Redone infield won’t leave room for vintage sports car racing, but track president would like to add a road course
For at least a decade, perhaps even longer, there has been talk that sometimes erupts into heated debate about whether Arizona Auction Week should expand to include a vintage sports car racing competition. Hey, Monterey has one in the summer, so shouldn’t Arizona do likewise in the winter?
The conversations/arguments re-ignited a few years ago when Arizona launched a spectacular if short-lived concours d’elegance. With all of its auctions, and a major concours as well, all the Valley of the Sun needed was a major vintage racing event.
Problem was, such vintage races are held on road courses like Monterey’s Laguna Seca, not on oval tracks such as the one used by NASCAR and Indy racers at Phoenix International Raceway. And yet, at least three or four times since the turn of this century, PIR has staged vintage races on a course that included much of the one-mile oval plus an infield circuit. One of those vintage racing weekends, in 2004, included Dean Kruse’s 33rd Arizona collector car auction.
But now that PIR has become ISM Raceway and is undergoing a $178 million reconstruction project, there’s no longer a place to race in the infield, especially since the infield has become punctuated by a huge hole. No, it’s not a sinkhole, but what will soon be the entry to and from a tunnel beneath the track so spectators can enjoy a huge new fan zone that will include access to the racers’ garages.
Long-time track president Bryan Sperber said the mission in the new partnership with ISM Connect, which specializes in enhancing fan experience and engagement, is “motor racing meets Disneyland in the infield.”
But in doing so, the infield road course was eliminated. So all hopes of a vintage racing weekend at PIR — oops, I mean ISM — are gone, right?
Not necessarily. Although the infield road course may be gone, PIR has lots of property, and Sperber is more than open to the possibility of vintage sports car racing, “when I get a road course,” he said last week during “Sports Business Arizona: A Prix View of Things to Come,” a series of panel discussions held in conjunction with Indy Car’s pre-season test session.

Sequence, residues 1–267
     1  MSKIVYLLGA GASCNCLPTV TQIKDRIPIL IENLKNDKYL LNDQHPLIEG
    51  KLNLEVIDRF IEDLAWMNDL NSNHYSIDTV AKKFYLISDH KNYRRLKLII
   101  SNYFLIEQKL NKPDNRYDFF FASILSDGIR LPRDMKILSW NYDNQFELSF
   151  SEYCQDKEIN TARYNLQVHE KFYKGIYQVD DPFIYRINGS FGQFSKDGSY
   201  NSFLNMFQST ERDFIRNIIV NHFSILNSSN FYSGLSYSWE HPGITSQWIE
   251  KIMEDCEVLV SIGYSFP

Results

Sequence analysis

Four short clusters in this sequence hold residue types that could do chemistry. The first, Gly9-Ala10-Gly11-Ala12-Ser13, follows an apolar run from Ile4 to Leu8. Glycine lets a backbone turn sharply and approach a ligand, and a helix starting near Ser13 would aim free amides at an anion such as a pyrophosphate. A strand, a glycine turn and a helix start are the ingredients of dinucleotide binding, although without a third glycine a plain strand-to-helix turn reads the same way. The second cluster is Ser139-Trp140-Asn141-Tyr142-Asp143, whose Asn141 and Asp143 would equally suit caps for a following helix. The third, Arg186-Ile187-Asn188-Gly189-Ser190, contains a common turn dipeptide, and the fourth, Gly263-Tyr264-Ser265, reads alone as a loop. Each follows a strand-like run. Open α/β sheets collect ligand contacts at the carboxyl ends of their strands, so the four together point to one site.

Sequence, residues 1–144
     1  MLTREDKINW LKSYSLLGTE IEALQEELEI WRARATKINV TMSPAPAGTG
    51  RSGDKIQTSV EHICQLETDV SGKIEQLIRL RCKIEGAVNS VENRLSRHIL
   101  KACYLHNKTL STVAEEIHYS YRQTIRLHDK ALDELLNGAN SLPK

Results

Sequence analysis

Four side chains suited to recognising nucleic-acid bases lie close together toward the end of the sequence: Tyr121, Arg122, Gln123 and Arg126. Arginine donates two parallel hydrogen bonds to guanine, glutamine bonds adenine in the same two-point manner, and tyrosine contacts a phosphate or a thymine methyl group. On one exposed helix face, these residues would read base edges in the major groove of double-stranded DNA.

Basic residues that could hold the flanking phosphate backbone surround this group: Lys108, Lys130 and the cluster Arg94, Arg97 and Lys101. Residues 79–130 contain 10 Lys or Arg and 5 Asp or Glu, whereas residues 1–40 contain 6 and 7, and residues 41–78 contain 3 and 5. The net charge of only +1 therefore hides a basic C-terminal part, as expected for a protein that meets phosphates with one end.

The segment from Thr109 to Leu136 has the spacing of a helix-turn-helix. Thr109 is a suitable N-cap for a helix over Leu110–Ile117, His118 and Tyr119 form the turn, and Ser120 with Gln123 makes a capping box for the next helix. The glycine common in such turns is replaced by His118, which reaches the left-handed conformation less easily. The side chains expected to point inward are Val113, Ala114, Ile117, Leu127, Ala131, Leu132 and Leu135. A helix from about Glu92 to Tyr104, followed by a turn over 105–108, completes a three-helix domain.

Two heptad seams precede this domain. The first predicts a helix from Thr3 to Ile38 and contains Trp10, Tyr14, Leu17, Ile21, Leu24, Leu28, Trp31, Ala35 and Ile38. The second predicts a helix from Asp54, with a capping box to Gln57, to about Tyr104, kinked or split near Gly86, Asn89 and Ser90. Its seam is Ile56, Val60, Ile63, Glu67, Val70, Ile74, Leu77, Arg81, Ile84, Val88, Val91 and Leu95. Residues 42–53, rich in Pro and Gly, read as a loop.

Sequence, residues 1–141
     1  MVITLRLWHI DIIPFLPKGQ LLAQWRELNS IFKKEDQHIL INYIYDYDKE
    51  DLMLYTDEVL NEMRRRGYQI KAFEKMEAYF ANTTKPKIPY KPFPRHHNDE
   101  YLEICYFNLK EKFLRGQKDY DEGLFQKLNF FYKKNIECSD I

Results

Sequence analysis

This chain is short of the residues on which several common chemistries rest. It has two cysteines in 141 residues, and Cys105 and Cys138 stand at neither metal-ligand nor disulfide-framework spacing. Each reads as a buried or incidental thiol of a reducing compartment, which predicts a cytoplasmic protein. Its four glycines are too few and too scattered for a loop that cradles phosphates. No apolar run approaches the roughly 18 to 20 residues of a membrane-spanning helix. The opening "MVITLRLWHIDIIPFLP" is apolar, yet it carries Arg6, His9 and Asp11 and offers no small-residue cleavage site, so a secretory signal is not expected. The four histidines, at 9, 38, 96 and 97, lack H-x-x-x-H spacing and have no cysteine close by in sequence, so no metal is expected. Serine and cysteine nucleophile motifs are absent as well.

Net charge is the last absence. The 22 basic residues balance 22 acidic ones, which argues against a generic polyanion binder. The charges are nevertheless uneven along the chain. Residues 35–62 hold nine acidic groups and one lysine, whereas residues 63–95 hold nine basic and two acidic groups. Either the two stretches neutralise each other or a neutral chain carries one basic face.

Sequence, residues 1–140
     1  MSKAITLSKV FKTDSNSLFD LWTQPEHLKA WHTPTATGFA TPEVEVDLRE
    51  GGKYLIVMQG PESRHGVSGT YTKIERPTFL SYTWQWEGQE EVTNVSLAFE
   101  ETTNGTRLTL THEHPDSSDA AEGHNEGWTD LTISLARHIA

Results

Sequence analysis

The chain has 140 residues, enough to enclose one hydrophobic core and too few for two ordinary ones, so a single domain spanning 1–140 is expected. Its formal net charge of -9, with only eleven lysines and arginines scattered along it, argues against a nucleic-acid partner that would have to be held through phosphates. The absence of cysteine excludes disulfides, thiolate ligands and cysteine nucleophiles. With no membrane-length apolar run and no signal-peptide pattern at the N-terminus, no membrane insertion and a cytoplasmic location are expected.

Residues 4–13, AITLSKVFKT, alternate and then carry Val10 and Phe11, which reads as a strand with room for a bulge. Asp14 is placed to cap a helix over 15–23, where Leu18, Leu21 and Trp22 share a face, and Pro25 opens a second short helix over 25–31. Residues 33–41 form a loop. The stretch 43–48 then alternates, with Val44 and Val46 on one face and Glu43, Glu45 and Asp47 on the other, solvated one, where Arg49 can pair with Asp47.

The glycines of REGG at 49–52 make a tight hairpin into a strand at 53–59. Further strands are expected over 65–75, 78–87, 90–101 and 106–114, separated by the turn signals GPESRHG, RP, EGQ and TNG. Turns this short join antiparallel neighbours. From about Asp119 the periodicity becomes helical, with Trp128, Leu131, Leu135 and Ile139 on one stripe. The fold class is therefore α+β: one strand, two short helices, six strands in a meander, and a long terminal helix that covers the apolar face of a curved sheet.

While Sperber wants a road course, the mission right now is getting his current multi-million-dollar construction project completed before NASCAR’s chase for the championship playoffs race in November.
Vintage Indy cars will roar around Phoenix track
While the Phoenix oval doesn’t work for vintage sports car racing, the track’s IndyCar Weekend, scheduled for April 6-7, will include the second Desert Vintage Classic, with vintage Indy race cars not only on display, but doing laps around the oval both days.
Doing good while driving development
There were three panel presentations during the sports business seminars at the Phoenix track: “Sports as Economic Development,” “Doing Good Through Sports” and “Sports as a B2B Platform.”
Speakers included the chief executives of IndyCar (who also ran the professional tennis circuit and the 1987 Pan-Am Games committee), the Arizona Coyotes hockey team, the Fiesta Bowl, the former mayor of Indianapolis (who also was head of that city’s Super Bowl committee), and of Group One Thousand One, a huge insurance group with major sports-oriented charitable efforts in Indiana and Oklahoma; as well as racers Michael Andretti, Zach Veach and Lyn St. James; and the vice president of ISM Connect and the head of the Arizona Office of Tourism.
Their message was about the way sports, and sports facilities, can power economic and cultural development in communities and generate support for charities in the process.
As Veach, a 22-year-old IndyCar rookie put it, “You can have success, but if you don’t help someone along the way, what’s the point?”